Considerations for Assigning ASE Variables to Different Workloads - Teradata Database

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Each ASE assignment depends on the type of usage being performed by the user ID. This has implications related to user ID assignment.

In general, workloads can be broadly grouped into three categories as follows:

  • Multisession/Multirequest
  • This workload can be identified by work typically done by MultiLoad, FastLoad, TPUMP or multisession BTEQ. These types of activities are normally used for database maintenance. Each session used handles multiple requests over time. The workload for this type of work tends to be more predictable and stable. It runs regularly and processes the same way each time it runs.

  • Single Session, nontactical
  • This workload is typically initiated through a single session BTEQ, SQL Assistant, MicroStrategy, or other query-generating tool. Ad hoc users, or single session BTEQ jobs in the batch process can generate this type of activity. The single session may generate one or many requests. The requests may be back to back, or there may be hours of idle time between them. Typically, the requesting user has very broad and informal response time expectations.

  • Single Session, tactical
  • This workload is similar to the Single Session workload category except that there is typically a very clear definition of response time and the response time requirements normally range between less than a second to a few seconds.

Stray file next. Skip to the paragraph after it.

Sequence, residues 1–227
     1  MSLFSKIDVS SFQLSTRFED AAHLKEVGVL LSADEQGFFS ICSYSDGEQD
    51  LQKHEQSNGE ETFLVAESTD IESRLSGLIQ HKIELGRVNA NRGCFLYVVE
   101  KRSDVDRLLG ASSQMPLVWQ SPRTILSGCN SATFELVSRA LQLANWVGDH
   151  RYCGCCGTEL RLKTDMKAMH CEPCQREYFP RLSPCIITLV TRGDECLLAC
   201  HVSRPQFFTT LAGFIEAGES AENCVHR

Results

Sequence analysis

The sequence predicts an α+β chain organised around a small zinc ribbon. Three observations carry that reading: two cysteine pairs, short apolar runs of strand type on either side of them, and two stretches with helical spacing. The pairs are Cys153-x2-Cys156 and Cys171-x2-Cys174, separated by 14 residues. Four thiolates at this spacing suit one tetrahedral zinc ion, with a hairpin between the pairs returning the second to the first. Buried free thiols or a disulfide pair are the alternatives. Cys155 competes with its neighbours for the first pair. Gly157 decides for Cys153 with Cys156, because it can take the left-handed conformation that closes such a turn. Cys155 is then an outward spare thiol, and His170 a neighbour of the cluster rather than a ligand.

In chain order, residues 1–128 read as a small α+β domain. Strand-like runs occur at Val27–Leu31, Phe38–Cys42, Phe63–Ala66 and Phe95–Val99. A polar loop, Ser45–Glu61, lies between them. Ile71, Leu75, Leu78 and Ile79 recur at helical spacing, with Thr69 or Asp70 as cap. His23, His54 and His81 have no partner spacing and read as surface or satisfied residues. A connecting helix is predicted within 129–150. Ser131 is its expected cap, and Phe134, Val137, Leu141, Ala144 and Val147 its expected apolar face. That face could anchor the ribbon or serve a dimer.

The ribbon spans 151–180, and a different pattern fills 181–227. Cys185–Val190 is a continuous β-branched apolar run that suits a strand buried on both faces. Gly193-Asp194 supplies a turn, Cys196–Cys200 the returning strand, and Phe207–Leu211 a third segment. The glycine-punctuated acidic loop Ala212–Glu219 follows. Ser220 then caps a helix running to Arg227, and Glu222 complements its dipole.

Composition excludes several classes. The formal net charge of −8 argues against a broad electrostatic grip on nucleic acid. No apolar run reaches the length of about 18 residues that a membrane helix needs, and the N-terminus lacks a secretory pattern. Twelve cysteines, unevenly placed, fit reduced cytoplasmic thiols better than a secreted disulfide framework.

The following ASE variables are to be used for each of the workload categories listed above along with the rationale for selecting the ASE variables.

  • Multisession, Multirequest
  • For this workload, usage information need not be captured at the request level. Workloads in this category can

  • Processes the same request over and over again across the multiple sessions it establishes (such as TPUMP and multisession BTEQ).
  • Generate multiple internal requests that are not easily correlated to specific user generated activity (as is the case with MultiLoad and FastLoad).
  • As a result, capturing usage detail at the request level typically does not provide especially meaningful information. Therefore, the recommended standard is to capture usage at the session level using the '&S' ASE variable. The account string for User Ids performing this workload category would have the following format:

    Account String Format: $XX$_&S

    Length: 12-15 characters (depending on PG length)

    Capturing session level information for this workload category provides several benefits, including:

  • All usage for a given job can be more easily captured. Furthermore, the job level usage can then be grouped to associate all batch processing to an application.
  • All usage for a given job step can be obtained. This can facilitate performance analysis for batch processes.
  • Session usage within a multisession utility can be better analyzed to determine the optimal number of sessions to log on to the system.
  • Single Session, nontactical